How it works
A taxpayer with a combined federal & state tax rate of 40% can earn back 90% of his or her contribution in tax credits & deductions. A donation of $1,000 to GAHH, receives a $500 state tax credit, and a $400 federal deduction. GAHH receives $1,000 to build homes for low income families in our community and the taxpayer’s end cost is $100.
A Real Example
In August of 2014 The Aragon family moved into their Habitat home. One of the generous sponsors for the home was Ron, a longtime GAHH volunteer and donor. His family’s contribution toward building affordable housing gave him the opportunity to take advantage of state tax credits.
“The tax credit was never a determinate of whether I would give to Greater Albuquerque Habitat, but rather an incentive that encourages me to increase my gift and make a bigger impact,” said Ron. “Because of the tax credits, Habitat receives an increased contribution, larger than what I could typically give. I can even carry that credit forward on my taxes for up to 5 years.”
Donors are essential to our mission to build decent, affordable homes right here in the Albuquerque community. Habitat homes are the result of collaborative efforts by Habitat homeowners, volunteers, corporate sponsors, individual donors, a group of volunteers known as SWAT, and private foundations.
“I started volunteering with Sandia Labs and then I was invited to join the SWAT team,” said Ron. “After building several houses, seeing the joy on the homeowner’s faces and hearing one girl tell me that she’s going to go to bed and not be afraid at night anymore, I began to realize the impact we have as a volunteers and a donors.”
Donations of money and time are critical to ensuring that we can continue to provide affordable homes with low-mortgage rates and zero interest loans to families struggling to make ends meet.
“As a donor, it may only seem like I have helped one family, but really I have helped all the generations to come in ways we can’t realize,” added Ron. “By helping a family purchase a home of their own, we are changing the cycle of poverty for their children and future generations.”
Tis the season of giving. Make an End of Year Donation
With the end of year right around the corner, it’s the perfect opportunity to make a donation and benefit from a tax credit at the same time.
Any donation restricted to the Mesa del Rio project of $1000 or more is eligible. You can visit Greater Albuquerque Habitat for Humanity’s website and make an online donation or make a check payable to GAHH and mail to Greater Albuquerque Habitat for Humanity, 4900 Menaul NE, Albuquerque, NM 87110, attention Beth Goldman.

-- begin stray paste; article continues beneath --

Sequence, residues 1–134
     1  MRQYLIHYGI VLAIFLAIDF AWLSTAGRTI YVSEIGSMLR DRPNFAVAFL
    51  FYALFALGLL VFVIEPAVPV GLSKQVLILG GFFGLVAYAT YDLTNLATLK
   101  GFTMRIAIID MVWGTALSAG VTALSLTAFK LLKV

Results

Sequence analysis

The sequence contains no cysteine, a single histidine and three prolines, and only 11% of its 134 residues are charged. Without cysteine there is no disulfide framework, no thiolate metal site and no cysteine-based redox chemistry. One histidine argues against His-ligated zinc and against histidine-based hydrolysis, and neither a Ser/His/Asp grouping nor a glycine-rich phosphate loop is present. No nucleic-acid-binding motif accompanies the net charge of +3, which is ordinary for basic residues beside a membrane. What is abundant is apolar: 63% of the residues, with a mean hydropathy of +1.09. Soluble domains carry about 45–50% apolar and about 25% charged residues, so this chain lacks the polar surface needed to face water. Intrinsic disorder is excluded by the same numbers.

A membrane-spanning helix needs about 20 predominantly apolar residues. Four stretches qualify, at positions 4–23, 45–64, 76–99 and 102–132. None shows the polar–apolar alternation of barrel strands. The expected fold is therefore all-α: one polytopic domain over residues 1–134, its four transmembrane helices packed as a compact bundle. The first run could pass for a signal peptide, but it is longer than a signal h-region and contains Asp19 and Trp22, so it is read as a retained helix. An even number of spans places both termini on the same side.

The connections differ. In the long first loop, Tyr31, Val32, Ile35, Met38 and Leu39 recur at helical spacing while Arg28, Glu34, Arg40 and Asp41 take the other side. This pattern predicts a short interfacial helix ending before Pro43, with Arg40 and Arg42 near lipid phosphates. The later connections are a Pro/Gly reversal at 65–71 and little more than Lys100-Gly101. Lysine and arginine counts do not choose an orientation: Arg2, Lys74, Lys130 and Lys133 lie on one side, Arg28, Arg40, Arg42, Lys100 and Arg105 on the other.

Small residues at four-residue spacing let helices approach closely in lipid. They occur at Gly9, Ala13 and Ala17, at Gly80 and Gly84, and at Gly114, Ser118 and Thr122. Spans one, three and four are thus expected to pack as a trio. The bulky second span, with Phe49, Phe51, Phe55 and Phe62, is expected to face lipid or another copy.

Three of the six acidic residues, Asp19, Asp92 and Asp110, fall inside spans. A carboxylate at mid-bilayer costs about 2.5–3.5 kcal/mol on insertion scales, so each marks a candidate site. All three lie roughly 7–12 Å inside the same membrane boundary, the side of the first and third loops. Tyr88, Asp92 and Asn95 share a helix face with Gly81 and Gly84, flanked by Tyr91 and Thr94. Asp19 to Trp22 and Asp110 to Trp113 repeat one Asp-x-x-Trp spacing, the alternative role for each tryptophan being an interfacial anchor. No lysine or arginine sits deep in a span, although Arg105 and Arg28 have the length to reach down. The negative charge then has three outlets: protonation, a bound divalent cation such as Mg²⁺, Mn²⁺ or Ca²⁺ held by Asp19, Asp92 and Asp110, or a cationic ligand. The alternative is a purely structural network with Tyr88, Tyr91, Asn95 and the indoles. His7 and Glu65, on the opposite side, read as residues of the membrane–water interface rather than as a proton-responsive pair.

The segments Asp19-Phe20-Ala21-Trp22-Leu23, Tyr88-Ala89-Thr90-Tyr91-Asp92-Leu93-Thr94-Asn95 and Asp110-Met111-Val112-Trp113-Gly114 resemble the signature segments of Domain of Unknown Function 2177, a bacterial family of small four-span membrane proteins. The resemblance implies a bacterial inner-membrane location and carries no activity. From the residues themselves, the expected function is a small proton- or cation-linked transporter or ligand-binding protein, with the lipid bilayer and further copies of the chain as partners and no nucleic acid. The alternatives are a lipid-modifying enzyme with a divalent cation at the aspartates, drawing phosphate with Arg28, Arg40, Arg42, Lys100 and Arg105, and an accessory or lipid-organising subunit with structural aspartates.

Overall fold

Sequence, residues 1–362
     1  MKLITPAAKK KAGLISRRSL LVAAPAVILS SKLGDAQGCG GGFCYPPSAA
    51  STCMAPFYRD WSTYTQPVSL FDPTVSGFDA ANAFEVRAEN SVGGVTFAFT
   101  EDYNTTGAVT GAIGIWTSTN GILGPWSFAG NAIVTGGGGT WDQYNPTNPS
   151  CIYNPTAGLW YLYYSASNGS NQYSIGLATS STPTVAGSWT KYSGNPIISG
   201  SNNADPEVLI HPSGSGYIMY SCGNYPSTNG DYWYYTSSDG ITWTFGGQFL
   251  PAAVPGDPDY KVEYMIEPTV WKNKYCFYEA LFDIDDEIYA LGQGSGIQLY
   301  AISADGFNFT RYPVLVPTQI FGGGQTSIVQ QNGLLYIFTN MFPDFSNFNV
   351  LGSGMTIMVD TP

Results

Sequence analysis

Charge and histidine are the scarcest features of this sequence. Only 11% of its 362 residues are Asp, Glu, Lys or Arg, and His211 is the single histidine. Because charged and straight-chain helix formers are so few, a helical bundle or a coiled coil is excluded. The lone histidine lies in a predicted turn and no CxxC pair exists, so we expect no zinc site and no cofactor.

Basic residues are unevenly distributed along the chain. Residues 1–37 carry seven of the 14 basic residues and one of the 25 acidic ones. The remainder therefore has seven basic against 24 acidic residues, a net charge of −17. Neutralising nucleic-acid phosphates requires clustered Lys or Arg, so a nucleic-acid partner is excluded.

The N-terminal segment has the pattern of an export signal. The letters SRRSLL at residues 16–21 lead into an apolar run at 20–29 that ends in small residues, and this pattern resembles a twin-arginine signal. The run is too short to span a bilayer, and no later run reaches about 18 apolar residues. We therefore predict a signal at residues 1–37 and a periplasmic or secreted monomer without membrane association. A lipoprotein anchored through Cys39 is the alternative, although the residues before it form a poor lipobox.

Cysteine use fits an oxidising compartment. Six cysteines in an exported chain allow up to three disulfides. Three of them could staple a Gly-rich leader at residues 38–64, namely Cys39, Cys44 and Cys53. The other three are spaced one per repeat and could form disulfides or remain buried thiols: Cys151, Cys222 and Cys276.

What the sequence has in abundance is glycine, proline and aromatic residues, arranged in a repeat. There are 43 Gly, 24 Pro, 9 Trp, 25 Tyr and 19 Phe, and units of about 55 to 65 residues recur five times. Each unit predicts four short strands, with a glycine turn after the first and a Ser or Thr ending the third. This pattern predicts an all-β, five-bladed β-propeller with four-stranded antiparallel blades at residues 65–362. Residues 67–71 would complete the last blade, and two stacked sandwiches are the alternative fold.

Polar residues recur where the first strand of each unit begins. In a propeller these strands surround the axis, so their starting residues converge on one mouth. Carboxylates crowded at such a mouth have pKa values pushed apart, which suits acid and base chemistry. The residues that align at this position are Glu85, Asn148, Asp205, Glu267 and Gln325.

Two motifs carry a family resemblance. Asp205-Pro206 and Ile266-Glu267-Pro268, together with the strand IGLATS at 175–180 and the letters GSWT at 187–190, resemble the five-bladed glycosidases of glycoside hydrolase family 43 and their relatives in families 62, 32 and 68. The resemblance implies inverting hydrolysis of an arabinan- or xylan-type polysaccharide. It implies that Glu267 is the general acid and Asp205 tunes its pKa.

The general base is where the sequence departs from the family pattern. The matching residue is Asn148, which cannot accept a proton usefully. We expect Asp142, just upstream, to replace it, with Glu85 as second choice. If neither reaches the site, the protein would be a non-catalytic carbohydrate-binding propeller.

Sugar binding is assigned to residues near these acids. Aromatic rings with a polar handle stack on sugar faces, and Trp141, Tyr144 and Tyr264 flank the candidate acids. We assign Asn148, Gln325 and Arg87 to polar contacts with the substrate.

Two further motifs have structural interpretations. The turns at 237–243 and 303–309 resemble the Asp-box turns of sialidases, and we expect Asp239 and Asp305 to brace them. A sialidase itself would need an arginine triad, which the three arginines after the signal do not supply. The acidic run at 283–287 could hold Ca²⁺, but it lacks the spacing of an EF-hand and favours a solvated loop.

If you mail a check, please write state tax credits in the check memo. GAHH will contact you to sign the state tax credit application before the end of the year.
What do you get when you put a bunch of smart, capable, reliable, do-gooders to work building affordable homes?
For the Greater Albuquerque Habitat for Humanity the answer is easy – SWAT.
The Special Work Assignment Team, affectionately known as SWAT, is undeniably one of our strongest allies in our mission to build affordable homes. This year alone, SWAT members have worked nearly 8,000 volunteer hours.
I had the privilege of chatting with a few of our illustrious SWAT volunteers at the Mesa del Rio build site last week. We only talked briefly during a lunch break, but it was clear to me that friendship, trust and camaraderie were the key ingredients to keeping this group of volunteers coming back week after week and year after year.
As soon as we started talking, one SWAT member let me know that, “69 is the average age of a SWAT volunteer.” And it’s true, the group is made up of an eclectic team of do-gooders like Ed, a retired Maintenance Manager who has been a SWAT volunteer for a couple of years. He used to volunteer on church missions and when he decided to look for a new opportunity he called us. Once he started building homes, Ed said he just kept showing up week after week because he enjoys working with his fellow SWAT members. When asked why he likes building homes Ed told me, “You’ll live longer. You either use it or lose it.” And the best part of the job? “It’s always fun to watch someone get a house,” he said.
Another SWAT volunteer I had the chance to chat with was Blaine, a retired Maintenance Manager from CNM. Although relatively new to SWAT he echoed the same sentiment I kept hearing and sensing among the group that day, “It’s about community participation.”
I spoke with Barry, a retired HR executive from New York who saw a commercial for Habitat International and was moved to volunteer. He participated in their Global Village which took him to Taos to build homes. After that experience he was hooked and began building with Habitat in his hometown in New York. Once he relocated to Albuquerque, it didn’t take long before he was volunteering with us and was initiated into SWAT. According to Barry, “This is fun. It’s work for some people, but to me this is fun.”
One last SWAT member I was lucky to talk with before lunch was over and everyone hurried back to their assigned task was Bob. He was recruited to SWAT 12 years ago by a colleague and friend, Irv Hall, a long-time habitat supporter and SWAT member. When asked why he stuck around volunteering all these years, Bob said, “I like the people I work with. It’s a great group and I enjoy being out here with these guys.”
Building a home takes many hands. Each dedicated SWAT volunteer seems to know that they are part of something great that gives them the opportunity to make friends, build trust and foster camaraderie.
Just this past year GAHH honored the SWAT members by naming one of the new construction projects “The House that SWAT Built.” And in true SWAT fashion, this group of caring volunteers decided to dedicate the SWAT house to the memory of their longtime friend and fellow SWAT member Dave Erickson.
It’s truly amazing what happens when well intentioned, honorable people come together. There are no amount of “thank you’s” that can repay their effort, time and dedication, but we’ll keep saying it – Thank You SWAT!